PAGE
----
1. Michael Robertson – Manly Sea Eagles (2008)

Front-rowers rarely get the plaudits in a 40-0 victory, but Manly prop Brent Kite was a well-received winner of the Churchill Medal following the Sea Eagles’ record defeat of Melbourne the 2008 decider after he produced a mighty display at the coal-face. The prestigious honour could have just as easily gone to Michael Robertson, however, after the underrated winger became just the fourth player in history to score a grand final hat-trick, before delivering the final pass for departing great Steve Menzies’ fairytale late try.

  1. Kevin Walters – Brisbane Broncos (1993)

Brisbane strangled a disappointing St George out of the ’93 decider 14-6 to chalk up back-to-back premierships and become the first club to win the competition after finishing the regular season in fifth spot. The Broncos scored three tries to none, yet industrious Dragons lock Brad Mackay replicated Bradley Clyde’s feat of winning the Churchill Medal on a losing side. Five-eighth Kevin Walters seemed the obvious choice after brilliantly laying on both first-half tries for Chris Johns and Terry Matterson.

  1. Ben Kennedy – Newcastle Knights (2001)

Andrew Johns was the architect of Newcastle’s 30-24 upset of minor premiers Parramatta in the 2001 decider, but game-breaking backrower Ben Kennedy’s blockbusting performance was the catalyst for the Knights’ surge to an unassailable 24-0 halftime lead. Kennedy scored a try, threw the last pass for another and generally terrorised the Eels’ pack in ruthless performance by the inspirational engine-room leader.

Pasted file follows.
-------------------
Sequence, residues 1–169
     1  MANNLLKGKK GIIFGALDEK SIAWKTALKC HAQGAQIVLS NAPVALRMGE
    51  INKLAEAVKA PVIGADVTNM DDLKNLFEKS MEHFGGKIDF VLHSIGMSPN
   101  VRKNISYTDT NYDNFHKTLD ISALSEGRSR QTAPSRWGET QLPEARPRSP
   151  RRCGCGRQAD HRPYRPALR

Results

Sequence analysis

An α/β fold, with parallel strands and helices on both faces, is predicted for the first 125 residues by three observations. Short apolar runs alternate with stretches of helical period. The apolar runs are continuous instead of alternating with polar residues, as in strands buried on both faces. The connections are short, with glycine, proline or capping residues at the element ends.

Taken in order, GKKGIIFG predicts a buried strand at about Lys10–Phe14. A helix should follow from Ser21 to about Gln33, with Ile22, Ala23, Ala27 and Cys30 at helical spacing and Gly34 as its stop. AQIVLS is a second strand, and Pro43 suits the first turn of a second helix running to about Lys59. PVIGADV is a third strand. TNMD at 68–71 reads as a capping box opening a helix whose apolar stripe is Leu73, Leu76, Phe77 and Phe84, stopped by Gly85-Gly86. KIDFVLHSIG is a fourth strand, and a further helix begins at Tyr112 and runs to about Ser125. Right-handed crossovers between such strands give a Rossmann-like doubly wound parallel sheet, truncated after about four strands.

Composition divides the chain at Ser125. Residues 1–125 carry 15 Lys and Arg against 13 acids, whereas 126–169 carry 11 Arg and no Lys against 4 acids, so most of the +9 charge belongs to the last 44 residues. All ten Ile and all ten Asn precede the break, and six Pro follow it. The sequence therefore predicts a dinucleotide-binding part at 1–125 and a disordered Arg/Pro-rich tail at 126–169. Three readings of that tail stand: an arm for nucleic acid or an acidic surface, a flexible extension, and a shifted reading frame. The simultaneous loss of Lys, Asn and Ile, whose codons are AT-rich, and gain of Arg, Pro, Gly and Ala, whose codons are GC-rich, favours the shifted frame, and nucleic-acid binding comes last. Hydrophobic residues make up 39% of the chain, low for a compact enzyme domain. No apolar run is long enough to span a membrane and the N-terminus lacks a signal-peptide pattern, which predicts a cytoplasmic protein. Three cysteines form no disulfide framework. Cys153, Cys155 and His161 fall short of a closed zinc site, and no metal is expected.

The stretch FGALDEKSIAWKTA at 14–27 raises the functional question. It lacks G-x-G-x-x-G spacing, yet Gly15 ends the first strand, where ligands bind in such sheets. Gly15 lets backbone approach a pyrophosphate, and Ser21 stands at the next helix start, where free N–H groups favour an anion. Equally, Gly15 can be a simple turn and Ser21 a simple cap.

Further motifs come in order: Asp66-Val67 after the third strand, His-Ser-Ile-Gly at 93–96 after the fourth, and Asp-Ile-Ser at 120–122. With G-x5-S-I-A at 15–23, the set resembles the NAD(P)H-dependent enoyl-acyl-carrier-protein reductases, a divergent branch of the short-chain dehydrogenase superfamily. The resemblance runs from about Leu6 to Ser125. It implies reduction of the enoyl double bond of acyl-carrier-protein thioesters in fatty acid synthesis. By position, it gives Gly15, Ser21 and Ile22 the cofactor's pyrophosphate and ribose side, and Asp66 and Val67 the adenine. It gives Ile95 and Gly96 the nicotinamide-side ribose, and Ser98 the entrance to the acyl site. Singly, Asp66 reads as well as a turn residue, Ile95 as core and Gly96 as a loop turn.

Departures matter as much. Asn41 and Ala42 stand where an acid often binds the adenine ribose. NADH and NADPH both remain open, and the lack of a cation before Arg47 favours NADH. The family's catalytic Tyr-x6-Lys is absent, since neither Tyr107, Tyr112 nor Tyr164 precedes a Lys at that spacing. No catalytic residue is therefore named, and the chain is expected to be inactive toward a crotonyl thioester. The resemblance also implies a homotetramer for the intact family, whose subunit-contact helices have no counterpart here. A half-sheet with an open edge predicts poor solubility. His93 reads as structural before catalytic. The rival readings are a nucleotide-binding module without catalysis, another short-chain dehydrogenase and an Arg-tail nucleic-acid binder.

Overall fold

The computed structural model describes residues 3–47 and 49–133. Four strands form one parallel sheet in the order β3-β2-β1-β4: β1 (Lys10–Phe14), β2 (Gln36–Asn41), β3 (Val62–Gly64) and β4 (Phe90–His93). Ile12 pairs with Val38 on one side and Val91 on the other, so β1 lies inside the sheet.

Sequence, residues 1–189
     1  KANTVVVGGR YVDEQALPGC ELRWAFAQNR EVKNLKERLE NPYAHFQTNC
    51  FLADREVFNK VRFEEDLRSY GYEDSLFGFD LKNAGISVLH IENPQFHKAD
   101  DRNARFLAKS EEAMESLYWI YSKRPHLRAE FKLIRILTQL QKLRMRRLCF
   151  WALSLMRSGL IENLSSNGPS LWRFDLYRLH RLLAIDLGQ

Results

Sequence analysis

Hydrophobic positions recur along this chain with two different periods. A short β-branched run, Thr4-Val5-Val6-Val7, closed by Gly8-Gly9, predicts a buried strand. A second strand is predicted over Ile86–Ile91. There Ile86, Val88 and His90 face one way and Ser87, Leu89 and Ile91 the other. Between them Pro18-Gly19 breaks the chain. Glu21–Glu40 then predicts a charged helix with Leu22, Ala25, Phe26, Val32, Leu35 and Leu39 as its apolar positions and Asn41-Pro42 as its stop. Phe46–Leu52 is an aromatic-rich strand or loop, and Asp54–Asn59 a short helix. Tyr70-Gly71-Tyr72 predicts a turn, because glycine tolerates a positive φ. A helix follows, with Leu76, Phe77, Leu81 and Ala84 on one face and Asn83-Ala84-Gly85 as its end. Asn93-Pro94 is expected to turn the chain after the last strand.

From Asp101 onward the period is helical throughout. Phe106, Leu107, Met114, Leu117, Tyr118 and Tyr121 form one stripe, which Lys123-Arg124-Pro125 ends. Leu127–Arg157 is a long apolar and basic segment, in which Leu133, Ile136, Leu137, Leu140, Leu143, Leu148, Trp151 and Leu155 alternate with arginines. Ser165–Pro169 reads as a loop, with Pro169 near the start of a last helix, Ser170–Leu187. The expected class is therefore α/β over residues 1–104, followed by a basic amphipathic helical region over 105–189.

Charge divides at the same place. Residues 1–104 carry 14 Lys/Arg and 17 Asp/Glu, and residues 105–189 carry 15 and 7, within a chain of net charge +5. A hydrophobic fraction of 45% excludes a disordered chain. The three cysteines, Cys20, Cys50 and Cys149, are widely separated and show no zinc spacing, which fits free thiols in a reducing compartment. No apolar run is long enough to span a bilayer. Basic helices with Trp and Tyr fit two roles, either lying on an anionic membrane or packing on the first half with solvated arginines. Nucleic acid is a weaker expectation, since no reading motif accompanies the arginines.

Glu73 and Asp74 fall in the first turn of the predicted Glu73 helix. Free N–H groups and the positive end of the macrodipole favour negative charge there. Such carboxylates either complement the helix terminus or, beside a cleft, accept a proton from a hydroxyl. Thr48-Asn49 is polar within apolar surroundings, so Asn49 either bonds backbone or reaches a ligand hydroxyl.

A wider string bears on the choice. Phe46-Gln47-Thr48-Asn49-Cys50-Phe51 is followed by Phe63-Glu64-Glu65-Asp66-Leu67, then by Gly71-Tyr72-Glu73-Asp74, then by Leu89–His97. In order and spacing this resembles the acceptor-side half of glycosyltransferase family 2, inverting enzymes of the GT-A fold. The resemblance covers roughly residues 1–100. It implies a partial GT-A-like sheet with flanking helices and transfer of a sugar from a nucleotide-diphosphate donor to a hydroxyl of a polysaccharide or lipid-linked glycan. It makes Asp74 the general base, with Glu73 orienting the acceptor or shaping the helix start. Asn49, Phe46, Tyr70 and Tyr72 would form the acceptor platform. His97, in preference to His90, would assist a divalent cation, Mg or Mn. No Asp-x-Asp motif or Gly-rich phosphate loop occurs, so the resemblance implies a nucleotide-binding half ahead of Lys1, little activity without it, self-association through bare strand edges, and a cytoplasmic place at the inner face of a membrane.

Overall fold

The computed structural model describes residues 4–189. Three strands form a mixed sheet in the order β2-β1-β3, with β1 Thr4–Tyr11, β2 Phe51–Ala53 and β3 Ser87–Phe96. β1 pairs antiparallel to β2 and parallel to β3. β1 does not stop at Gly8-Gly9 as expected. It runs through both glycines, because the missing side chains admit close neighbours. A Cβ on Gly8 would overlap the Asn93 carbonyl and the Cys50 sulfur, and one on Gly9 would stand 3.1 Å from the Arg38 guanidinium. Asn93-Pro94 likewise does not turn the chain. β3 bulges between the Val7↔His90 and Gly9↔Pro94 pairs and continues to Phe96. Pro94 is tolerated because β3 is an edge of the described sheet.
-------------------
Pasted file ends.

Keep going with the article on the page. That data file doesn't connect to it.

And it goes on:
1. Royce Simmons – Penrith Panthers (1991)

Retiring Penrith legend Royce Simmons enjoyed one of the great grand final farewells in 1991, scoring two tries (the first double of the veteran hooker’s 237-game career) in the Panthers’ euphoric 19-12 defeat of Canberra to clinch the club’s first premiership. Simmons steam-rolled Glenn Lazarus to score the first try of the match, and backed up Mark Geyer to bag the sealer in the dying minutes. But Churchill Medal honours eluded Simmons, with Raiders lock Bradley Clyde simultaneously becoming the first player to win the award twice and collect it on a losing team. The snub failed to dampen the mood of Simmons, who famously promised to “have a schooner with every one of youse” after the triumph.

  1. Darren Lockyer – Brisbane Broncos (2006)

Converted hooker Shaun Berrigan received the Churchill Medal honour after Brisbane’s 15-8 upset of Melbourne in the 2006 decider, predominantly for his magnificent efforts in containing Storm danger-man Greg Inglis in defence. But it was undoubtedly captain Darren Lockyer’s masterful display in the No.6 jumper that was most responsible for the Broncos’ triumph. The cool-headed talisman laid on both of the Broncos’ tries for Justin Hodges and Brent Tate, kicked two important goals and landed the premiership-sealing field goal from 35 metres out in the 74th minute.